Our last full day in Malaysia is Saturday, November 26. After the long and exhausting day we had yesterday we all decided to sleep in. But then we kind of had to rush around for the rest of the day to fit in everything. I don’t think we got back nomadbangsarto the apartment from our adventure at Inside Scoop until around 10:30pm. We all needed to pull the covers up over our eyes when the sun came up.  This photo is sadly the only one I took of our 3-bedroom apartment at the Nomad Bangsar Serviced Residences.  It was a good value for the rate and in a safe area.

When we were all up and dressed we decided to try roti canai again at a place called Mahbub that Amos had recommended. Mahbub is in a locals area called Lucky Garden and it’s across the street from Bangsar Village. We ordered a lot of roti with cheese, banana, egg and onion. We tried to order dosa with potato again but our server said not till after 5pm. I tried to ask if meat was an option inside roti, but our server said not till after 5pm. Not sure if he understood me or not. It was hard to get our point across here. John wanted to order mango lassi for everyone but when they came Kaiyo said, hey this tastes like yogurt – which he’s not drinking. And we all know Kaiyo doesn’t like mango either so maybe it was a ploy by John to get an extra one for himself. Our total bill was $13 USD. It was our first truly cheap local breakfast that we navigated all on our own.


dsc_1032Then it was off to the Batu Caves. We got an Uber ride from Mahbub to this historical site just north of downtown Kuala Lumpur. Batu Caves is a very tall limestone hill that houses one of the most popular Hindu shrines outside of India.

The eye-catching attraction here is the large gold statue of Lord Murugan at the entrance.  Batu Caves is dedicated to this imposing figure in gold. It was kind of a bummer for us that there was scaffolding all around Lord M when we visited. According to Wikipedia, this 140 foot high statue was only just unveiled January 2006, having taken 3 years to construct. It is the tallest Lord Murugan statue in the world. Are there a lot more Lord Murugan statues in the world? I’ve never heard of him!

In order to enter the main cave entrance you have to climb 272 steep, steep, steeeeep steps.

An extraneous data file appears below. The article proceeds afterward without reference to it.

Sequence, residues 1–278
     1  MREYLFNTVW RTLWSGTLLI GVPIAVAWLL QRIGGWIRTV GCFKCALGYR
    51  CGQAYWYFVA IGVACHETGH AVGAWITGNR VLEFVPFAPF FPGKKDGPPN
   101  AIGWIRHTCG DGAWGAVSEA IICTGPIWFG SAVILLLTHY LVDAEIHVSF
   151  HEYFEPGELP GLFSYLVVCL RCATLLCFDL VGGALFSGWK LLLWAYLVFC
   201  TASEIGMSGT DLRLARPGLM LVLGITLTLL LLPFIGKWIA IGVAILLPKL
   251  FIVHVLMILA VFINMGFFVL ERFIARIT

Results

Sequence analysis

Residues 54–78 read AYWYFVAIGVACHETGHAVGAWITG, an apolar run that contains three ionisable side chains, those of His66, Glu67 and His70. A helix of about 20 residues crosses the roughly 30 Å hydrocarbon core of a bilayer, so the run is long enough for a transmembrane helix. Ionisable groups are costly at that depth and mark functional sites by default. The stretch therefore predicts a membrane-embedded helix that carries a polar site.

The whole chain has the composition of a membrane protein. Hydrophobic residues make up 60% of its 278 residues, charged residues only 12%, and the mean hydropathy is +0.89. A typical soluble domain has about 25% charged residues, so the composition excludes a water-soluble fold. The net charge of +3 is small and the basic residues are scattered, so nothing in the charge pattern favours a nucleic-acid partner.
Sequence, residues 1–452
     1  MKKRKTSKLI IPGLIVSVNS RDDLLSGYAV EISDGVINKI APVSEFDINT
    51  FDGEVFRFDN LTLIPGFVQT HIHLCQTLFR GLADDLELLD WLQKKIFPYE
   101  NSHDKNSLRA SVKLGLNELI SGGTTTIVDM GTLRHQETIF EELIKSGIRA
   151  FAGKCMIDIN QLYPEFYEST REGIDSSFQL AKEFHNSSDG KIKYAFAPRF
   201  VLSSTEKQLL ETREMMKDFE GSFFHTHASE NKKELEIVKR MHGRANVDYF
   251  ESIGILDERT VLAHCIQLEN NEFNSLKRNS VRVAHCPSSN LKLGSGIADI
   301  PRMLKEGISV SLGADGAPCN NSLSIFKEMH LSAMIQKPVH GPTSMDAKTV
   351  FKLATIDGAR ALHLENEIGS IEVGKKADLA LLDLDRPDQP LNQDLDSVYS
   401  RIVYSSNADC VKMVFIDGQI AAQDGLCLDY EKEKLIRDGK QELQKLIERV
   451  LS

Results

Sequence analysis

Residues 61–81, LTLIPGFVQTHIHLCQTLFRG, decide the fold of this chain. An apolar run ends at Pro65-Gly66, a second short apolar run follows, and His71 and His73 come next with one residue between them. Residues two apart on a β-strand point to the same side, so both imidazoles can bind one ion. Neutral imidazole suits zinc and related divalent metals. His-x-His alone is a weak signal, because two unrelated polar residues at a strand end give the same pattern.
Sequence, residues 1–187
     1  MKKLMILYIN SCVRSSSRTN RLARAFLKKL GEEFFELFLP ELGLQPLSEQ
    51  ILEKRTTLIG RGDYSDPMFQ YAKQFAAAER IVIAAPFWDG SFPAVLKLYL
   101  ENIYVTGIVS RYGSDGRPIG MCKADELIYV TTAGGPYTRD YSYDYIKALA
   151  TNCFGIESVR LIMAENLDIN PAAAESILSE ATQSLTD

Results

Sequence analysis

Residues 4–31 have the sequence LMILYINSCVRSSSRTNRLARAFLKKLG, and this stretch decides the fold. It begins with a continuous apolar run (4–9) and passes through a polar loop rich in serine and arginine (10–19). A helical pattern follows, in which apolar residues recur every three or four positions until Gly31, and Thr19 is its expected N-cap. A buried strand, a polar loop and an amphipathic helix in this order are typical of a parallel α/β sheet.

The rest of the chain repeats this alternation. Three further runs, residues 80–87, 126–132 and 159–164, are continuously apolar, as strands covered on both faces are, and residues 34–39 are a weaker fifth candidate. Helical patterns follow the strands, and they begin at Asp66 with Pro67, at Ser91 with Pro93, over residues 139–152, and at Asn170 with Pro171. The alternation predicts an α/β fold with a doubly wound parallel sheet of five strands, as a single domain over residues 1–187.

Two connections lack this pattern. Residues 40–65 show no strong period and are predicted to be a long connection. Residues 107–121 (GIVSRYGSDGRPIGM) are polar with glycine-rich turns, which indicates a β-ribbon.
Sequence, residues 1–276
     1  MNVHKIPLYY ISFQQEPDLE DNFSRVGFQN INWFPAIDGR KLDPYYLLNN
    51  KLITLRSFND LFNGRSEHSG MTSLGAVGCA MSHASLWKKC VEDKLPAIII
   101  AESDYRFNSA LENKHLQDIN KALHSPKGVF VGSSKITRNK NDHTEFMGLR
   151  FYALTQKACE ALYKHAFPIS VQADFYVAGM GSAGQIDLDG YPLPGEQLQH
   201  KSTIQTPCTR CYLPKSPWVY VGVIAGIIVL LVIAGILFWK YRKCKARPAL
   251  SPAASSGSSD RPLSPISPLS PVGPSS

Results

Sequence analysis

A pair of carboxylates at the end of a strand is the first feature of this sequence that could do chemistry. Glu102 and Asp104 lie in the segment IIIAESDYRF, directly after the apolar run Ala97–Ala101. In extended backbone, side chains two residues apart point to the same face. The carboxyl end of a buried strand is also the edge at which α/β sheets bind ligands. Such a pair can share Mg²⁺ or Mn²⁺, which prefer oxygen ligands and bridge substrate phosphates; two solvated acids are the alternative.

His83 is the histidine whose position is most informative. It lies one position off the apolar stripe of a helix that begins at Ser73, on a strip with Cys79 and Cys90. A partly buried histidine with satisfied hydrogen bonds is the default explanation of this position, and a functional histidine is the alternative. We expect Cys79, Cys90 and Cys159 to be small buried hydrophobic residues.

After yesterday’s workout I don’t know if my legs were warmed up or pooped out. The concrete steps went straight up. All along the way were people standing on the steps catching their breath and resting their legs. Avalon was in a big fat hurry to be the first one up. I was nervous because I couldn’t see her in the crowd of people as she ran away from us.


dsc_1042I liked the Batu Caves and its sparse interior. As it is a Hindu place of worship I wasn’t sure what it would look like inside. The main cave is called the Temple Cave. This is where the main temple is found. There are colorful, religious scenes here and there in the cave and the worship areas are quite small. There are several temples here in the caves, but we only went inside the Temple Cave.

The regular residents of these Batu Caves are monkeys that can sometimes get aggressive! They run around stealing food from tourists and fighting over food with each other and one even bit me on the ankle! We saw a little girl sobbing and pointing at a monkey that had stolen her snack and was trying to get it open.

While Halyard was wearing our backpack on his back, a monkey literally climbed up his leg and very deftly stole John’s Starbucks cup from the outside pocket! He ran down Halyard’s leg before any of us could react. Then he took the lid off and proceeded to drink the last drops of cafe latte! Another monkey ran off with the lid and started licking it greedily.

Well after we caffeinated the monkeys it was definitely time to leave. But John had made some friends on his way up the 272 steps and he wanted to introduce us to them. So when he saw them he brought them over.

dsc_1054dsc_1053They were a friendly group of Balinese young people. They immediately wanted to take various photos with us. We had seen them call over a lady and she took individual photos with each one of them. Luckily they didn’t ask us for that. It looked like they were wearing some kind of scouting uniform. We told them we’re headed to Bali in December and maybe we’d see them again.